More than One Third of Canadian Workers Have Dated a Co-Worker, Finds Survey
Twenty Percent of Office Romances Involve Someone Who is Already Married
PR Newswire

TORONTO, Feb. 13, 2014 /PRNewswire/ -- Looking for a Valentine? The office might be a good place to start, according to a new survey. CareerBuilder's annual survey on office romance found more than one-third (35 percent) of Canadian workers have dated someone who worked for the same company, and 15 percent say they have done so more than once.

The national survey was conducted online by Harris Poll on behalf of from November 6 to December 2, 2013, and included a representative sample of 426 Canadian full-time, private sector employees across industries and company sizes.

That budding office romance may even lead all the way to the altar, or possibly divorce court. Of those who dated someone from the office, one quarter (25 percent) ended up marrying their office sweetheart, while 17 percent admitted that either they were married or the co-worker they dated was married at the time of the affair. 

Dating Up
One in five (22 percent) workers who have dated a coworker say their office sweetheart was at a higher level in the organization than they were - some even dated the boss (12 percent). However, only 2 percent of employees who have had an office relationship say the relationship helped them progress in their career.

We'll Always Have the Lunchroom (or) Come Here Often?
Office romances most often start by coworkers running into each other outside of work (14 percent), at lunch (14 percent) or late nights at work (11 percent). Some other situations that led to romance include love at first sight (8 percent), happy hour after work (6 percent), and at a company holiday party (3 percent).

Our Little Secret
Most employees (66 percent) who have dated someone from their office say they did not have to keep the relationship a secret. Sixteen percent say they admitted that they were dating when they ran into another coworker outside of work, while 11 percent in the same situation covered up their romantic relationship.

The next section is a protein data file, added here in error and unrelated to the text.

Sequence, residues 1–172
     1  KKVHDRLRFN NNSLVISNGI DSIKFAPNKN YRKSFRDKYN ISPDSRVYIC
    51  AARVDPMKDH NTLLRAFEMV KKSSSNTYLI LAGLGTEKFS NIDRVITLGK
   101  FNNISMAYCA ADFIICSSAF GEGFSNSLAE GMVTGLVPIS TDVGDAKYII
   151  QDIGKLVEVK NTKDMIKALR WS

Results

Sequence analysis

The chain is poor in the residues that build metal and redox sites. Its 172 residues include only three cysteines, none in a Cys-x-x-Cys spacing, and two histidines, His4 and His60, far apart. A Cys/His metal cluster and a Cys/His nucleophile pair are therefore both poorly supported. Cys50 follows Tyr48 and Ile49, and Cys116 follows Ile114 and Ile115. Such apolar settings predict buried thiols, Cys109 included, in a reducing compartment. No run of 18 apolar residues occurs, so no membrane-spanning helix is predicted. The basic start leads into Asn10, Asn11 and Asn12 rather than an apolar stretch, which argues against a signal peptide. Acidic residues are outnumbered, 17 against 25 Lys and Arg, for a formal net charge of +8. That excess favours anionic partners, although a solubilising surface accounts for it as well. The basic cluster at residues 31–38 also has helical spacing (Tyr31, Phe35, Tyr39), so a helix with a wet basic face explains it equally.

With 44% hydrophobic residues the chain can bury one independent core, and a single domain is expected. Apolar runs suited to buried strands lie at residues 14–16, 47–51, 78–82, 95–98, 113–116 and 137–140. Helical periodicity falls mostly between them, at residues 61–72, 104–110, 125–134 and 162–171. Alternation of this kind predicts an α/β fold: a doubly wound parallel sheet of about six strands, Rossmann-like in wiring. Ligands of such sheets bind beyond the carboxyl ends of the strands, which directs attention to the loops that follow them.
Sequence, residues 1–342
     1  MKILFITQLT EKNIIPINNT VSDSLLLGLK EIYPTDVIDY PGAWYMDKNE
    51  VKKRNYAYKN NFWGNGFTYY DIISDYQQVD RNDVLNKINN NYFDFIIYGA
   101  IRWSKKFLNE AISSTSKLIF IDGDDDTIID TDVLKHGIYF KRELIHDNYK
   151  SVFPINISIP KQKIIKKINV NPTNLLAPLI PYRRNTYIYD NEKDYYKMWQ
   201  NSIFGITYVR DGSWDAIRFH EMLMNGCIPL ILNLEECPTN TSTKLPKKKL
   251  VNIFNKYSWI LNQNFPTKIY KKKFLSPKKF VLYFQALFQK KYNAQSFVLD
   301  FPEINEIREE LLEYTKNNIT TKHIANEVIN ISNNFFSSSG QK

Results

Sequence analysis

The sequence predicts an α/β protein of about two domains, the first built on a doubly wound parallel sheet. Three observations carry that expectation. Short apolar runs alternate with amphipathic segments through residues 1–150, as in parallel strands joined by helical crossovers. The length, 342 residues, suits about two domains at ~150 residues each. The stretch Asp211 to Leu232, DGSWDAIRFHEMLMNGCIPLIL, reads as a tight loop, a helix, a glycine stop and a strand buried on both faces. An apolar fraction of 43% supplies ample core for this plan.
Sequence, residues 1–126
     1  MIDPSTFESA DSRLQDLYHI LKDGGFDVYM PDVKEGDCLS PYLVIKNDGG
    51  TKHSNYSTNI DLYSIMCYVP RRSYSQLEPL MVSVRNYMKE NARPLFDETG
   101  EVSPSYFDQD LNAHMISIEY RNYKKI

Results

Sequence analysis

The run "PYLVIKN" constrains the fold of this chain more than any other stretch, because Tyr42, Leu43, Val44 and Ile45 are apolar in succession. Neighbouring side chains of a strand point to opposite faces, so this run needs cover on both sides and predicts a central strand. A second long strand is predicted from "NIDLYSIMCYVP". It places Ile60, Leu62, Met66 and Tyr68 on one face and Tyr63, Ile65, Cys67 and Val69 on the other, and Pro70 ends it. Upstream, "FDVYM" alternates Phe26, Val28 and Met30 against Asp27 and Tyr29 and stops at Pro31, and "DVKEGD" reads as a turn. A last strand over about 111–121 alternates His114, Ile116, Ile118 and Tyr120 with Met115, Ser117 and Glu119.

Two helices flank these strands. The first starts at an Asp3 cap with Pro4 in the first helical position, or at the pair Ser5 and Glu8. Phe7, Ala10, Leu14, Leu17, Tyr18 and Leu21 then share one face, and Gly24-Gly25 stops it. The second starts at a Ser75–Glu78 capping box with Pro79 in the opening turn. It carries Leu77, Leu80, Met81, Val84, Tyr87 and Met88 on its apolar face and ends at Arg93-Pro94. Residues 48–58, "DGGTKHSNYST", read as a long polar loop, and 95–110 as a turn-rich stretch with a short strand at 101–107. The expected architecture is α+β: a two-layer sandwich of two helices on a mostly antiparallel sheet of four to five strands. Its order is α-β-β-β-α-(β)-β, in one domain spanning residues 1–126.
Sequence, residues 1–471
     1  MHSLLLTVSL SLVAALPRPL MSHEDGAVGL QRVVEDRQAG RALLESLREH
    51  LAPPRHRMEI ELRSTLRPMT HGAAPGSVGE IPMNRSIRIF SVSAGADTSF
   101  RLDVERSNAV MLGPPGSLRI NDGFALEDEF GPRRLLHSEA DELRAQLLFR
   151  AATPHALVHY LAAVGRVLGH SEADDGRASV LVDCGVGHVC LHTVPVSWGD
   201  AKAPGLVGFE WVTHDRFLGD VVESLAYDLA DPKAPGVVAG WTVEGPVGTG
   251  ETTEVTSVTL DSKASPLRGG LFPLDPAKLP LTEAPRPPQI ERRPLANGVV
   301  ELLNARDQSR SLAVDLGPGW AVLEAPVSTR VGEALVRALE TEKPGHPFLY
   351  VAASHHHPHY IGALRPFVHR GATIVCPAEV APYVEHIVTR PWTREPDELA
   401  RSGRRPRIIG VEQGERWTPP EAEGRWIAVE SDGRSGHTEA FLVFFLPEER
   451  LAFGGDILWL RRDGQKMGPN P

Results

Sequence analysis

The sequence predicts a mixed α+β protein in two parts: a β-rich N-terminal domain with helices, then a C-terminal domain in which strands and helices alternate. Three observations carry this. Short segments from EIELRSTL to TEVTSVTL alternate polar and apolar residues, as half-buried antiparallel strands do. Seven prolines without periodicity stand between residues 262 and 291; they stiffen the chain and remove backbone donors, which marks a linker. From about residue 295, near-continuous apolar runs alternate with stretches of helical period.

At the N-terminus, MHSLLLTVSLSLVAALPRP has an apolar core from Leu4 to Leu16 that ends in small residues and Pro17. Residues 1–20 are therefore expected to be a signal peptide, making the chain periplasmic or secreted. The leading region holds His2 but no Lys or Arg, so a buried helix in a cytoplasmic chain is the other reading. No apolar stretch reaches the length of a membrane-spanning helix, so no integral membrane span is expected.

Tips for Navigating a Workplace Romance

  • Research – Many companies will already have policies regarding office relationships already on the books. If you're considering entering romantic relationship with a coworker, consult HR or get ahold of the policy book.
  • Proceed with Caution – Some romances lead into marriage, but others lead into disaster. Seven percent of workers having to leave their jobs because of an office romance. Take the time to get to know someone first and carefully weigh risks and benefits.
  • Compartmentalize – Keep your work life separate from your home life. Avoid showing PDA in the office. By the same token, personal disagreements should remain at home so as not to involve other co-workers.
  • Think Before You Post – Be careful what you post on social media. You can end up outing your relationship before you're ready to discuss it.
  • Don't Date the Boss – Don't get involved with a direct report. Not only can it lead to termination of employment, it can also create moral issues for other employees. If there is a mutual interest between a boss and direct report, one of you should look at moving to another department.

Survey Methodology
This survey was conducted online within Canada by Harris Poll on behalf of among 426 workers (employed full-time, not self-employed, non-government) ages 18 and over between November 6 and December 2, 2013 (percentages for some questions are based on a subset, based on their responses to certain questions). With a pure probability sample of 426, one could say with a 95 percent probability that the overall results have a sampling error of +/- 4.75 percentage points. Sampling error for data from sub-samples is higher and varies.

About CareerBuilder® is a leading job site in Canada.  Owned by Gannett Co., Inc. (NYSE: GCI), the Tribune Company, The McClatchy Company (NYSE: MNI), powers the career centers for more than 250 Canadian partners that reach national, local, industry and niche audiences. Job seekers visit every month to search for opportunities by industry, location, company and job type, sign up for automatic e-mail job alerts, and get advice on job hunting and career management.  For more information about products and services, visit

Media Contact
Michael Erwin